The best Web browser: Chrome, Firefox, Internet Explorer, Opera, or Safari?

Find out which of the leading browsers is the perfect balance of features, speed, innovation, and flexibility for you

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The battle of the Web browsers: Firefox 4.0 beta
The old Netscape died years ago, but somehow it begat the Firefox browser that gave us many of the innovations being copied by IE and others. The project found a nice source of revenue by routing search requests to Google, and this supported much of the work of the last few years.

No one knows how stable this source of revenue will be in the future. Google leapfrogged Firefox by building a browser of its own, in part to fix the headaches caused by malfunctioning plug-ins like Flash. Firefox is now offering its own "crash protection," which restarts plug-ins when they stop delivering. Firefox handles this internally, though, because the browser still runs most of the work in one process. Chrome relies more on the operating system by sticking each page in different OS processes, an approach that the Mozilla group will probably eventually come around to using.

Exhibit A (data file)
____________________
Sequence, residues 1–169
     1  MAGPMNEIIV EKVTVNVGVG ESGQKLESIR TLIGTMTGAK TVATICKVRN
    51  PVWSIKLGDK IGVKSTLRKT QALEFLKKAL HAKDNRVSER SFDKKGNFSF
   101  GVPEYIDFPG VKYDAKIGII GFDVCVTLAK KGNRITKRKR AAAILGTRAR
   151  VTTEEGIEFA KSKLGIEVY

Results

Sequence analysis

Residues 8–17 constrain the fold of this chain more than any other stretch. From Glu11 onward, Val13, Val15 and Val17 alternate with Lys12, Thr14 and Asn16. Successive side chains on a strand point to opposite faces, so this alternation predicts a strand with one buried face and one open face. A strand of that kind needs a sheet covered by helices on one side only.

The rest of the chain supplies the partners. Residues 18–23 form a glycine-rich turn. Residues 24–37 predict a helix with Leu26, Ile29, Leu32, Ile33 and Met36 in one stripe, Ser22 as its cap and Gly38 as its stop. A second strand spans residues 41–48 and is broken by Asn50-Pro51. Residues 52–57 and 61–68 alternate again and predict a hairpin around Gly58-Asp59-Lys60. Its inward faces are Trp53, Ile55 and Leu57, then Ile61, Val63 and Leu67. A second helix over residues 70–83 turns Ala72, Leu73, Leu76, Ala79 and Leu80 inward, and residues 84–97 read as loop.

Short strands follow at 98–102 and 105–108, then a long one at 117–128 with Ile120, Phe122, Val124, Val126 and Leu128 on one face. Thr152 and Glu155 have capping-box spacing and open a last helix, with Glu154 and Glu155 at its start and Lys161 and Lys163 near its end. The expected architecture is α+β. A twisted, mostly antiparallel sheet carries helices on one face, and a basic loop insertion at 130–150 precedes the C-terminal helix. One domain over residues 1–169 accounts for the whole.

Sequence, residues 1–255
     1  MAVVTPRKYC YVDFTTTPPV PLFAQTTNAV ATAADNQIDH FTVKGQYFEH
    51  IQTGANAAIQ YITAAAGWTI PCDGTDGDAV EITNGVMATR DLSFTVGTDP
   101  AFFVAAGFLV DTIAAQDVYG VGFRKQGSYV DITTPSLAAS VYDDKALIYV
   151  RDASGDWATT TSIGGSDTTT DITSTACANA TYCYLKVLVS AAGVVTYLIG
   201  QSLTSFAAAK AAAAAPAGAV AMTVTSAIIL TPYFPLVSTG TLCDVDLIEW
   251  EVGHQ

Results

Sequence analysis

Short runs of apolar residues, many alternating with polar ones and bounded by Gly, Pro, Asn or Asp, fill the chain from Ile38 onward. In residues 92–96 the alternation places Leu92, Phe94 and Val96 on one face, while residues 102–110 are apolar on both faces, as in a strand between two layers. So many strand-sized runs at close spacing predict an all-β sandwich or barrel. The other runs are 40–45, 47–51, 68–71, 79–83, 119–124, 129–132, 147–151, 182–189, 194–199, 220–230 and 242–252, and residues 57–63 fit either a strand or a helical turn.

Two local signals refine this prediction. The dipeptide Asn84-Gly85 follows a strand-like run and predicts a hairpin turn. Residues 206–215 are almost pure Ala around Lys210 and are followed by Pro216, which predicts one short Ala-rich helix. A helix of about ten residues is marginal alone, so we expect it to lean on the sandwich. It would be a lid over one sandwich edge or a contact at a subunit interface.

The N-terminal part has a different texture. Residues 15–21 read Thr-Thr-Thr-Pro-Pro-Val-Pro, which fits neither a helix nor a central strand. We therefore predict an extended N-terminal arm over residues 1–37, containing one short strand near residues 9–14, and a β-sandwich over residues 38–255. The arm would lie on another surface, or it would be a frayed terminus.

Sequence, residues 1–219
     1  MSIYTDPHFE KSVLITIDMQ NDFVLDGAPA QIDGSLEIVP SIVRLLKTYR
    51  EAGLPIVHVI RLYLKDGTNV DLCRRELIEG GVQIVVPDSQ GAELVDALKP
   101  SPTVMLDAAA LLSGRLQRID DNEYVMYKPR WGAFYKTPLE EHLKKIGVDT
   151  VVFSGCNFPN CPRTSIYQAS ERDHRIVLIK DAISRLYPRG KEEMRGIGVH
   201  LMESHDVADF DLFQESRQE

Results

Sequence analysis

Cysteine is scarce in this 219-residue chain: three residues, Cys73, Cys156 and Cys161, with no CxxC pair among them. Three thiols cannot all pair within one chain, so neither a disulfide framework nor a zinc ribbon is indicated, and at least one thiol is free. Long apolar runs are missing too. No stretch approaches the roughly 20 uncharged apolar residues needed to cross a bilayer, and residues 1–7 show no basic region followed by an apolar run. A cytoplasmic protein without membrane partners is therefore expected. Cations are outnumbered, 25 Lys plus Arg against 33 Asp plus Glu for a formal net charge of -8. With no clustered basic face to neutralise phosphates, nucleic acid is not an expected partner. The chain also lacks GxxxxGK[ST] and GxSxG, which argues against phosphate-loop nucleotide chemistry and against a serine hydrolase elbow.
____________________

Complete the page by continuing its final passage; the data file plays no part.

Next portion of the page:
One of the strengths of Firefox continues to be the large collection of extensions and plug-ins. These can all be written in a mixture of JavaScript, CSS, and HTML, something that makes them a bit easier for the average Web developer to tackle. (In contrast, Microsoft's add-ons can be written in C++.)

Firefox add-ons like Greasemonkey make it even easier to write simple scripts that meddle with the DOM of incoming data, a nice playpen for creating your own quick add-ons. Firefox's model is pretty sophisticated too. While many widgets and extensions in the world are limited to JavaScript, CSS, and HTML, Firefox offers serious programmers more control with XUL. Is it necessary? I'm not sure, but it certainly makes it possible to create more sophisticated applications.

Firefox has not offered the fastest JavaScript performance on the computation-heavy JavaScript benchmarks, but that may not be important for most users. The speed of rendering and the responsiveness of the Internet connection are probably much more important to average browsing. Nevertheless, the Mozilla developers say a new JavaScript engine will be arriving in the fall.

Best for: People who enjoy the wide-open collection of extensions.
Worst for: People who write long-running scientific simulations in JavaScript.

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